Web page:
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Is it natural to use an article to specify the state of an object or person? Or alternatively, is this structure not suitable?

For example, see the following sentence.

An unconscious Michael Jackson was rushed to UCLA Medical Center on Thursday afternoon by paramedics who performed C.P.R., according to the Los Angeles Fire Department.

from EthiopeanReview.

As a writer for whom English is a second language, I feel a little worried about the start of the sentence. It does not feel natural.

possible revision : Michael Jackson in an unconscious state, was rushed to UCLA Medical Center on Thursday afternoon by paramedics who performed C.P.R., according to the Los Angeles Fire Department.

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This may look a little strange - and maybe it is by grammar rules - but it is absolutely normal in native English.

Equally weirdly the definite article is just as acceptable and means exactly the same.

If you don't want to write it like that there are plenty of alternatives. The one you gave, plus:

Michael Jackson, unconscious, was rushed...

Michael Jackson was rushed unconscious...

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This is a turn typical of newspaper and magazine articles. Here is another example from The Independent.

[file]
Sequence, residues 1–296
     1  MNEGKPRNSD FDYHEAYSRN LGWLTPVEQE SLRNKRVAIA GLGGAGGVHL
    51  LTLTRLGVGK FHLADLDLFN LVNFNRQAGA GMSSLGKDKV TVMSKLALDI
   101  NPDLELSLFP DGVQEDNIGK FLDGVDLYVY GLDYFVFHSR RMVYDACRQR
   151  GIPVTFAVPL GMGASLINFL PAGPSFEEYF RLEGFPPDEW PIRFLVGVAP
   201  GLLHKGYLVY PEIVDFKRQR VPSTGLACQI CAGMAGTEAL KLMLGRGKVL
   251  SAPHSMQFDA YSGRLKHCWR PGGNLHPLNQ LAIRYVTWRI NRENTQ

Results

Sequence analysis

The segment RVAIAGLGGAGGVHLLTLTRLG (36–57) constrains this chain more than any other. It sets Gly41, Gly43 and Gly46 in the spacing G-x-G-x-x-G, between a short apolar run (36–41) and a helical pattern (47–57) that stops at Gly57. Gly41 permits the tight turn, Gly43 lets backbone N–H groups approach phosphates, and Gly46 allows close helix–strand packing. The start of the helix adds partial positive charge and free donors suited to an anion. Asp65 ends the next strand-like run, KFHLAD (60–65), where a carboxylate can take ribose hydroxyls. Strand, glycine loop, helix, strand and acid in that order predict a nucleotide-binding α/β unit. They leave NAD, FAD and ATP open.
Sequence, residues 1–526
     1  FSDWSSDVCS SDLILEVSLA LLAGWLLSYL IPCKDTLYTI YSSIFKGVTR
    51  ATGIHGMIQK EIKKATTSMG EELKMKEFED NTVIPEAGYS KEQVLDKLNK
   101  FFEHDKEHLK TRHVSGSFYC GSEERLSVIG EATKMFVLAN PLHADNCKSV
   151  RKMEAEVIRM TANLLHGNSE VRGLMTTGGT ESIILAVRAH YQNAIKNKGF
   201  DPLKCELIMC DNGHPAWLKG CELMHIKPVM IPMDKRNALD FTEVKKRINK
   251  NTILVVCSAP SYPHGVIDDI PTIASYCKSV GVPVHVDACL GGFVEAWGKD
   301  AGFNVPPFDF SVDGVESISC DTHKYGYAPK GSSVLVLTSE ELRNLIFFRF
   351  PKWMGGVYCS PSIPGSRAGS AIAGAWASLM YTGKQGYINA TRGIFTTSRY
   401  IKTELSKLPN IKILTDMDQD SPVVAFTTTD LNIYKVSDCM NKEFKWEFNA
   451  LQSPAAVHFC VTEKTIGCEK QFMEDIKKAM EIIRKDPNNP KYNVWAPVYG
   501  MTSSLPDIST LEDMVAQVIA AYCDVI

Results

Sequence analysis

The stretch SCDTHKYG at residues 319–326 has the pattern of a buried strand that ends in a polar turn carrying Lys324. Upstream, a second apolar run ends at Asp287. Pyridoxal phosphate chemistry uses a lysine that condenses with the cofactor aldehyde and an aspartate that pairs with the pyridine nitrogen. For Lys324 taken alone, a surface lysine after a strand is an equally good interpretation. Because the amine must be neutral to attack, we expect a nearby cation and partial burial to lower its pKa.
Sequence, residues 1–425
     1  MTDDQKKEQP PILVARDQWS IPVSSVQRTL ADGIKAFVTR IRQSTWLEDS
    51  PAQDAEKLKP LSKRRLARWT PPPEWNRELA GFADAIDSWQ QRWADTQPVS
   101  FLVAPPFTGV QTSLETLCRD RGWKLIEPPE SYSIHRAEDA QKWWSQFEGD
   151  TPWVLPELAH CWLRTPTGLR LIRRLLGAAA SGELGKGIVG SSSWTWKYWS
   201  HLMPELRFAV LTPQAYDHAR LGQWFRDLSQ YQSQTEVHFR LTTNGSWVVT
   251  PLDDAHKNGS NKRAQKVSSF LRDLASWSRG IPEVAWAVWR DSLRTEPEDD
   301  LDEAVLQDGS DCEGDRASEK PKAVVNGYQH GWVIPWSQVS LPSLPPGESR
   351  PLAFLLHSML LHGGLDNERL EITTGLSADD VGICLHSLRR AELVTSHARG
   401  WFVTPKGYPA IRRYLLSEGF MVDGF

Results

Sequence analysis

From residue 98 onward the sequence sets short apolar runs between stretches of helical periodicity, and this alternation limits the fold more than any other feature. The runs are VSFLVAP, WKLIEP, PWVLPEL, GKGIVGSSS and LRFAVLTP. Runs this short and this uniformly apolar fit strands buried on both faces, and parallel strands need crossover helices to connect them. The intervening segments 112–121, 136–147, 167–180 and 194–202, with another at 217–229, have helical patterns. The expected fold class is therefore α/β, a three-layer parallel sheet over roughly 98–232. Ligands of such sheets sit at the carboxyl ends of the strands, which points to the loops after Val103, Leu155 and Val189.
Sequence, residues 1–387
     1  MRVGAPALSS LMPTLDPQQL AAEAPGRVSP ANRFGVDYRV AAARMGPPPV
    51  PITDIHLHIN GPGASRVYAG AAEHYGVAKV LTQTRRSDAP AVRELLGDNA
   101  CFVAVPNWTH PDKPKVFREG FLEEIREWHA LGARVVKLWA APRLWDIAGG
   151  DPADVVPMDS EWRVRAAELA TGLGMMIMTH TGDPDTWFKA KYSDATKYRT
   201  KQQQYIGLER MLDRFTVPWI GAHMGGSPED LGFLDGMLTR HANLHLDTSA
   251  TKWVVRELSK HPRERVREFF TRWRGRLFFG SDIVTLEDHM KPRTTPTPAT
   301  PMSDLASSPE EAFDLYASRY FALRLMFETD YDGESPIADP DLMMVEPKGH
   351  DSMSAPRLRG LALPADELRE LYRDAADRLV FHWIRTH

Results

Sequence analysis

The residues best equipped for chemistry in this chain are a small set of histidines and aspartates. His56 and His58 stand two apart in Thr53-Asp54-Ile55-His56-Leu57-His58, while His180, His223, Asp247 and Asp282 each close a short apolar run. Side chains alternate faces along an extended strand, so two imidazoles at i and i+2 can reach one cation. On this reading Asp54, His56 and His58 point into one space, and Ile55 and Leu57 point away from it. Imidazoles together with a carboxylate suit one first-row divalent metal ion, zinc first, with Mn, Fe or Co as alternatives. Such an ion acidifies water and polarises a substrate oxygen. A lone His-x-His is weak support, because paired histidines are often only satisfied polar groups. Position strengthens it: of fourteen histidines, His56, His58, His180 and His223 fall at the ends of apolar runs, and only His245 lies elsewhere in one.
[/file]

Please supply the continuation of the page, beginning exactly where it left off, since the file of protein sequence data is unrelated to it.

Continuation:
• He might angrily protest when Vincent (John Travolta) shows up with an unconscious Mia (Uma Thurman), who has snorted one line too many, but there's never any doubt of him helping his pal through his predicament.

According to Wikepedia the use of adjectives in this way does not go beyond the practice of adding "emotive colouring".

Proper nouns, and all proper names, differ from common nouns grammatically in English. They may take titles, such as Mr Harris or Senator Harris. Otherwise, they normally only take modifiers that add emotive coloring, such as old Mrs Fletcher, poor Charles, or historic York; in a formal style, this may include the, as in the inimitable Henry Higgins. They may also take the in the manner of common nouns in order to establish the context in which they are unique: the young Mr Hamilton (not the old one), the Dr Brown I know; or as proper nouns to define an aspect of the referent: the young Einstein (Einstein when he was young). […] Proper names based on noun phrases differ grammatically from common noun phrases. They are fixed expressions, and cannot be modified internally: beautiful King's College is acceptable, but not King's famous College.

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  • Thanks for the description.
    – ankit7540
    Oct 12 '21 at 14:07

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